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The Dartmouth
April 19, 2024 | Latest Issue
The Dartmouth

Whose Discussion?

I've been surprised of late to find many logical fallacies gracing many of my conversations and the pages of The Dartmouth. The main one I would like to address is that someone who is not part of the Greek system may not have an opinion of it, and if they try to express an opinion of it, they must have a wrong opinion.

Let's think about this for a second... a system which dominates social life and campus discussion may only be discussed by its members... and its membership is less than half of this campus. So most students on this campus may not have an opinion on the Greek system.

Well now wait a second, what about all of the students who wear "Unaffiliated But Support The Greek System" shirts? They are allowed " and encouraged " to express an opinion. So it's only students who aren't members and are against the Greek system who aren't allowed to have an opinion. And that must make sense because clearly those members of the Dartmouth community must not have any knowledge of the benefits of the system. They must only see the negatives from the outside, but can't see any positives from the outside.

But that doesn't make sense. The five "self-proclaimed Cavaliers Of The Future of Dartmouth" who have spoken out against the Greek system are close friends of mine. And I know that they have also experienced many of the benefits of the system. I'm not talking just superficial benefits, either... the parties, formals, social spaces, etc. They have taken part in the cultural programming and community debates that we so often cite as positive aspects of being included in the system.

I have also related to them the benefits that I have felt as a member of a Greek house. They know all about the friendships I have made that I would not have made if I had remained unaffiliated. They have spent time with me in my house. And so many of their other friends have also related experiences and feelings and "benefits." So unaffiliated students who speak out against the Greek system know some of the benefits first-hand and know of other benefits through their friends who are affiliated.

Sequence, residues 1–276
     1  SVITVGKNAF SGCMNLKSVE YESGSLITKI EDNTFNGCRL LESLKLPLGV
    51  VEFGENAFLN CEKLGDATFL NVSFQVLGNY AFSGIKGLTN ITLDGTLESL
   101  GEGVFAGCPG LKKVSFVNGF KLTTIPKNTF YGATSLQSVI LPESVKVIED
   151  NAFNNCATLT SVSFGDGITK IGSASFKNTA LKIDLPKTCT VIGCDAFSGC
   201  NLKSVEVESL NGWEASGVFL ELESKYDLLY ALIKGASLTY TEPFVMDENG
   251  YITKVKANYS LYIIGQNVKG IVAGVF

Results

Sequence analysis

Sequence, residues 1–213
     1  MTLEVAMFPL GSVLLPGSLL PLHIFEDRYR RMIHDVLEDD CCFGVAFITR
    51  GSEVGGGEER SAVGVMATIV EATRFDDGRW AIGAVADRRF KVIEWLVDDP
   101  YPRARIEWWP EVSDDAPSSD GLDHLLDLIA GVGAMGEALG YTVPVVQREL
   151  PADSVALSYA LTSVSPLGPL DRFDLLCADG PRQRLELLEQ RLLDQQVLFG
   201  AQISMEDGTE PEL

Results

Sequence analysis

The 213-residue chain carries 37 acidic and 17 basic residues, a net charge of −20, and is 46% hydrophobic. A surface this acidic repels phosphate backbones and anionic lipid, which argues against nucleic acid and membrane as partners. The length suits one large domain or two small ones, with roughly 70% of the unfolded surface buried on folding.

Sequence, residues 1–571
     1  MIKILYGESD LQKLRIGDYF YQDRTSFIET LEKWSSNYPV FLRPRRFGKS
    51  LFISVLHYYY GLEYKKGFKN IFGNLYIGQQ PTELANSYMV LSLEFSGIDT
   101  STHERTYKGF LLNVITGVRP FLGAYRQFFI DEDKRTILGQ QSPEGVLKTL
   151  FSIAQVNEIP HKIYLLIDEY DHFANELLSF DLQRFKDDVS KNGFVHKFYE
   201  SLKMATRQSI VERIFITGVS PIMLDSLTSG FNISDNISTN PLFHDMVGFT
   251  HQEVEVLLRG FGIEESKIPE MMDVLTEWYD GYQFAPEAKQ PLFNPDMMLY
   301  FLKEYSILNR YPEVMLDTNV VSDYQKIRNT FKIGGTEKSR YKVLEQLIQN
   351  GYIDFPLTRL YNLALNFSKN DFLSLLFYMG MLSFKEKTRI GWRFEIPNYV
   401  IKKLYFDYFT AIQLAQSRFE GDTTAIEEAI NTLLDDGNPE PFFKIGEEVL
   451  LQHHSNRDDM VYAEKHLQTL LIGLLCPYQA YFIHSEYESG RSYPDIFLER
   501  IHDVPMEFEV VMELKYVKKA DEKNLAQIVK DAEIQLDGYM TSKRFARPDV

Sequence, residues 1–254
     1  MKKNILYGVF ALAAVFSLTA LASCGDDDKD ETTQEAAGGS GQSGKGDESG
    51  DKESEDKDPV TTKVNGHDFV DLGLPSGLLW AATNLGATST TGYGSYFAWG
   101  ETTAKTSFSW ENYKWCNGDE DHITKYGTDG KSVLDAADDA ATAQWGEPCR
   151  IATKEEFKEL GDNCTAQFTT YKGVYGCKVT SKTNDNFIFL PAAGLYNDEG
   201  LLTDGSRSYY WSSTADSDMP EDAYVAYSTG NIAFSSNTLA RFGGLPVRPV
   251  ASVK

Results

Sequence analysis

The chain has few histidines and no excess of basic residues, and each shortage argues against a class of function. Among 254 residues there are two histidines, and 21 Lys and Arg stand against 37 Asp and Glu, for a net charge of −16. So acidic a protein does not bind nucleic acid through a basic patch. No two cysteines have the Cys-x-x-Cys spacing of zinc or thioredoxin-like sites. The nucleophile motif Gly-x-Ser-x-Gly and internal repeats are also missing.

Is it, then, logically inconsistent and hypocritical to both enjoy benefits of the system and still call for the elimination of it? I think not. You can like parts of something and still decide as a whole it's not worth it. I love the noodles in chicken noodle soup, but hate the chicken. I can decide to pick around the chicken, but no matter how hard I try, the chicken is still in the soup. So ultimately, I don't eat chicken noodle soup.

The problem is, students at Dartmouth can not just decide to walk away from the Greek system if they decide they can't pick around the bad parts. Greek life permeates so many facets of our community at Dartmouth. Whether it is a party on Saturday night, a lecture in a house on Tuesday night, or an empty Thursday morning drill section, unaffiliated members of this campus are affected by the Greek system. And that gives them the right to have an opinion of it.

And some of them have simply decided that the advantages do not outweigh the disadvantages. Why shouldn't they be allowed to say that?